By Tony Attwood
The portrayal of Arsenal this year has been one of the biggest disinformation campaigns of all time in football. And it is a disaster because the media, having launched the campaign (to save them bothering to research any other story) are now struggling to find any way out of it.
But this whole business of ignoring Arsenal’s radical transformation of how football under PGMO rules can be played is by no means the first deliberate misinformation campaign that we’ve seen.
1: Women’s football is unsafe
The banning of women’s football by announcing that any game played on a ground used by men, would then mean that ground could not be used for future men’s games, is surely the most notorious. Worse, the ban lasted 50 years (1921-1971) and the subsequent FA investment in women’s football has been miserly since. The FA should have voluntarily wound itself up and allowed another organisation untainted by the scandal to take over. But once it happened, the media were silent, many even supporting the ban.
2: FA carrying on overseeing football at Wembley
In any other walk of life, a body that oversaw the utter cock-up of the Euro final would be closed down – or at the very least told that on the basis of public safety, it could never arrange another event. But worse than that, it is now conducting the enquiry into its own incompetence. And guess what, it is going to find itself not guilty.
3. Daily Mirror accuses Arsenal of match fixing.
On 29 March 2020 the Daily Mirror newspaper ran the headline “Inside England’s match-fixing scandal that involved Man Utd, Liverpool and Arsenal” above a story by Simon Mullock, Chief Football Writer of the Sunday Mirror.
The problem with the headline is that Arsenal were never in any way involved in any match-fixing scandal. Man U and Liverpool certainly were – Liverpool repeatedly in fact – but it was Arsenal’s owner, Henry Norris who first reported the matter to the League and FA.
To the League’s eternal discredit, rather than investigate Norris’ claims (which were enhanced by several subsequently fixed matches, ultimately resulting in many players being banned from football) the League warned Norris that if he were to write anything more on the subject, he (rather than the match-fixers) would be banned from football for life. (This was the standard penalty in those days which was liberally handed out. Even such luminaries as Herbert Chapman got a lifetime ban).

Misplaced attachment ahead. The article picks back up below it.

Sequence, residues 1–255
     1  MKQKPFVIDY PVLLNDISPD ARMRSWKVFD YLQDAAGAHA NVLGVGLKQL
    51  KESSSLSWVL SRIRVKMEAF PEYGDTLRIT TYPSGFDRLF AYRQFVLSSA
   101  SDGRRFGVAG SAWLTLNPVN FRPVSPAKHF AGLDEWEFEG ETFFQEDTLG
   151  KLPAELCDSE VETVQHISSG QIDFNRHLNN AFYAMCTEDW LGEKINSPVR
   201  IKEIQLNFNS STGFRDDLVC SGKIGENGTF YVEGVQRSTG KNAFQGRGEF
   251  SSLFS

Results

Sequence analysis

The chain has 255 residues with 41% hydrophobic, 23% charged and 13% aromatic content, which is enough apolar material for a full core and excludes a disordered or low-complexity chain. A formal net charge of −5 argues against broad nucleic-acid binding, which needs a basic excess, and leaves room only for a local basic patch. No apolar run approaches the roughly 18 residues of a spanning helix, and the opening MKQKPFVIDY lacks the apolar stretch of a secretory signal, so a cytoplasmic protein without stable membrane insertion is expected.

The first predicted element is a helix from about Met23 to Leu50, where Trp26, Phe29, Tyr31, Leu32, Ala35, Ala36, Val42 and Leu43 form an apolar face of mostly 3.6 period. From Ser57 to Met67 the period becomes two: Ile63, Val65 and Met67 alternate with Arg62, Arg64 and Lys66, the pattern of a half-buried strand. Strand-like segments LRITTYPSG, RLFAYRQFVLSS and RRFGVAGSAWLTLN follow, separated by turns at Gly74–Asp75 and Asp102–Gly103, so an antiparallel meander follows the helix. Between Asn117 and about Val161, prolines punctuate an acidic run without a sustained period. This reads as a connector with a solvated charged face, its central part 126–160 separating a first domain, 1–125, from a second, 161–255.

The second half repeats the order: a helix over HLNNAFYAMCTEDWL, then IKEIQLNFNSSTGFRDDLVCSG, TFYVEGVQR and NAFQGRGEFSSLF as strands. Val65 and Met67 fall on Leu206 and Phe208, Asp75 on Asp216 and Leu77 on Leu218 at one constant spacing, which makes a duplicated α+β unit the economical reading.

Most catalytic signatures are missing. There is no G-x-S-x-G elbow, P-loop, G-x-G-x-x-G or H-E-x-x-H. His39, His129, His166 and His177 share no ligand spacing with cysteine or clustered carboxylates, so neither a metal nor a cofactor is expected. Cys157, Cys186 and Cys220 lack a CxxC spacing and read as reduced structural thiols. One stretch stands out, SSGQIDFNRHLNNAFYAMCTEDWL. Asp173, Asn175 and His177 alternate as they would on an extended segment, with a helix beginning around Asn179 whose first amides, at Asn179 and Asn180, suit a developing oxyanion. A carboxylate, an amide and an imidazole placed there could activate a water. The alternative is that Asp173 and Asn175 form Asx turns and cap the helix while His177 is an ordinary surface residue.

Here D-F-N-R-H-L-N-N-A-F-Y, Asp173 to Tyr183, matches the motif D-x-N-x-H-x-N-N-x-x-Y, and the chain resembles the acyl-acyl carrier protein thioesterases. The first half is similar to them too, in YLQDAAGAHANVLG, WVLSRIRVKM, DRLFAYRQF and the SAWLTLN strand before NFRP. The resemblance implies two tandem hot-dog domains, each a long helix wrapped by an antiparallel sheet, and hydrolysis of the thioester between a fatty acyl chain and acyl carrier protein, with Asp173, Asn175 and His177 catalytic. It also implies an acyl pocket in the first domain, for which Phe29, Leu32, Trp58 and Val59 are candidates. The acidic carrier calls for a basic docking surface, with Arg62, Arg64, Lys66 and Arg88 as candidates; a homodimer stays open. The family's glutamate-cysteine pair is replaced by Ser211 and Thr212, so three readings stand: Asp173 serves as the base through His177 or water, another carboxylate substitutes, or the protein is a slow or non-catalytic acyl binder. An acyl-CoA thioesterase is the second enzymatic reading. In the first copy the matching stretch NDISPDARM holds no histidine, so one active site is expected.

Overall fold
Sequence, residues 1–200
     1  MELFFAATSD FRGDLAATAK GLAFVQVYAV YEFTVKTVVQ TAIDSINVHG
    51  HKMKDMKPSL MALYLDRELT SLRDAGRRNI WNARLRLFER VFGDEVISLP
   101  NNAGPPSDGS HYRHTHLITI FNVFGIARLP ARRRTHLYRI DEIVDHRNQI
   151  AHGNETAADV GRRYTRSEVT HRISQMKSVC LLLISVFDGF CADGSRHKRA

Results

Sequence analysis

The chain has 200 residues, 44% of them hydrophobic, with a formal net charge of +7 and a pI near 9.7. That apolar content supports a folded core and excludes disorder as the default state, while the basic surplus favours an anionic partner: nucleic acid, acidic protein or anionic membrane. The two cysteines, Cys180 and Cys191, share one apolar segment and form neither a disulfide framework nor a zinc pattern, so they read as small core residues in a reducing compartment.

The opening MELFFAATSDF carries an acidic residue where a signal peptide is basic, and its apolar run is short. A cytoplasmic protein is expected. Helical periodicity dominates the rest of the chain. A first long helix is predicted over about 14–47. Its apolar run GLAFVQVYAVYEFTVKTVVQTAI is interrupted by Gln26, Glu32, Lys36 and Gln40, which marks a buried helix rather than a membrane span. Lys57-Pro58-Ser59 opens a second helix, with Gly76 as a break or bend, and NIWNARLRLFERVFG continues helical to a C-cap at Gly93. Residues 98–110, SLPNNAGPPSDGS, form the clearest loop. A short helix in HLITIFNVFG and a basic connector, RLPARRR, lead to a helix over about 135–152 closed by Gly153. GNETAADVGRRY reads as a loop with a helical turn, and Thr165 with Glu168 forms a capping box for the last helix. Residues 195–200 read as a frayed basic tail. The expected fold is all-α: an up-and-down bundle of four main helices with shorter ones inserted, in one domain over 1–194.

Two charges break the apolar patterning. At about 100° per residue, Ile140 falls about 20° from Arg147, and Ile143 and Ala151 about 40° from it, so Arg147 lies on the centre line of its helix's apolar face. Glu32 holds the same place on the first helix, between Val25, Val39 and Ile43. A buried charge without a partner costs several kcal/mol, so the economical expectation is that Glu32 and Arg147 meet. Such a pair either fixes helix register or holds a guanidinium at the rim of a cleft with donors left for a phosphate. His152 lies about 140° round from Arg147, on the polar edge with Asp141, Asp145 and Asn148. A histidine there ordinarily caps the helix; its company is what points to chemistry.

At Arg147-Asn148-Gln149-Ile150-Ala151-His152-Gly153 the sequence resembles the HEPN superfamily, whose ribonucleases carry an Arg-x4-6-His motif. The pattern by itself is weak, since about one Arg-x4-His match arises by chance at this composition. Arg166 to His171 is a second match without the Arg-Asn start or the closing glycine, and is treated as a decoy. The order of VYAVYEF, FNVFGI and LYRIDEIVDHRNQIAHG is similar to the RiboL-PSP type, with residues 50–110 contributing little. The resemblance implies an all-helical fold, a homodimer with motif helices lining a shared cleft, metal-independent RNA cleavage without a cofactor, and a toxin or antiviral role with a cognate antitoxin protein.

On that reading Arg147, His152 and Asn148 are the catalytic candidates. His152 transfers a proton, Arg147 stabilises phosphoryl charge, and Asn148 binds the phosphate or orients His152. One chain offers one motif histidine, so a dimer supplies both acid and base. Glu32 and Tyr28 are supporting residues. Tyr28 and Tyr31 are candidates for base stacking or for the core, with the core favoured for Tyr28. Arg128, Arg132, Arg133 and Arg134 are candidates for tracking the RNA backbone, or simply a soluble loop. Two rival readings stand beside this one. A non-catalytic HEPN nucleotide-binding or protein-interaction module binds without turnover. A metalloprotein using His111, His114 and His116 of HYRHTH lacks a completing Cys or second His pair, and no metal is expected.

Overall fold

4. Ignoring a call for the obvious
Misinformation is not only spread by giving out false information (such as the notion that Arsenal’s 2020/1 season was a disaster, when in fact the last two thirds were sensational) but by ignoring whole issues.
The most obvious is the notion that rule saying referees should not be interviewed after the game or held to account could be challenged. As it is the referee body PGMO is prosecutor, judge and jury and works is utter secret. The media could call this out, but they never do. They could also notice that the way referees work in England is different from the rest of Europe. They could also note what the matches played in empty stadia showed us. See Results from crowdless games are different from those with crowds. Why?
I’d like to give a link to PGMO’s own website – but they don’t have one. Instead here’s a report from 6 February 2001 on how they operate.
5. Stopping football damaging players for life
A study published in October 2019 found that former professional footballers are three-and-a-half times more likely to die of dementia than their peers. Researchers at Glasgow University confirmed the link between football and brain damage after investigating claims that heading the ball could cause brain injuries. And since then? Bit of publicity at the time, true, but not much, and it quickly vanished.
Those are the stories we could have – stories which show the ineptitude of those running our game, but no, we get none of that. Instead we get headlines such as
Or try this from TBR: Mikel Arteta’s Gunners have a lot of work to do on and off the pitch if they are to improve on a poor 2020-21.”
It is a total re-writing of reality, and because it is done every day by hundreds of newspapers, TV channels, websites and radio stations, it becomes the norm. Yes the FA should carry on. Yes Arsenal were involved in match fixing. No the authorities were not corrupt in the way they dealt with women’s football. And there is absolutely nothing wrong with referees.
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- The four dangers that could stop Arsenal’s rise back to the top: Part 4 – the rabble rousers
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- Luton 3 Arsenal 4: maybe it is time to say positive things
- Luton v Arsenal – the referee, the team, Saka and Cliff Bastin
- Luton Town – how do they play the game. The tackles, fouls and cards.
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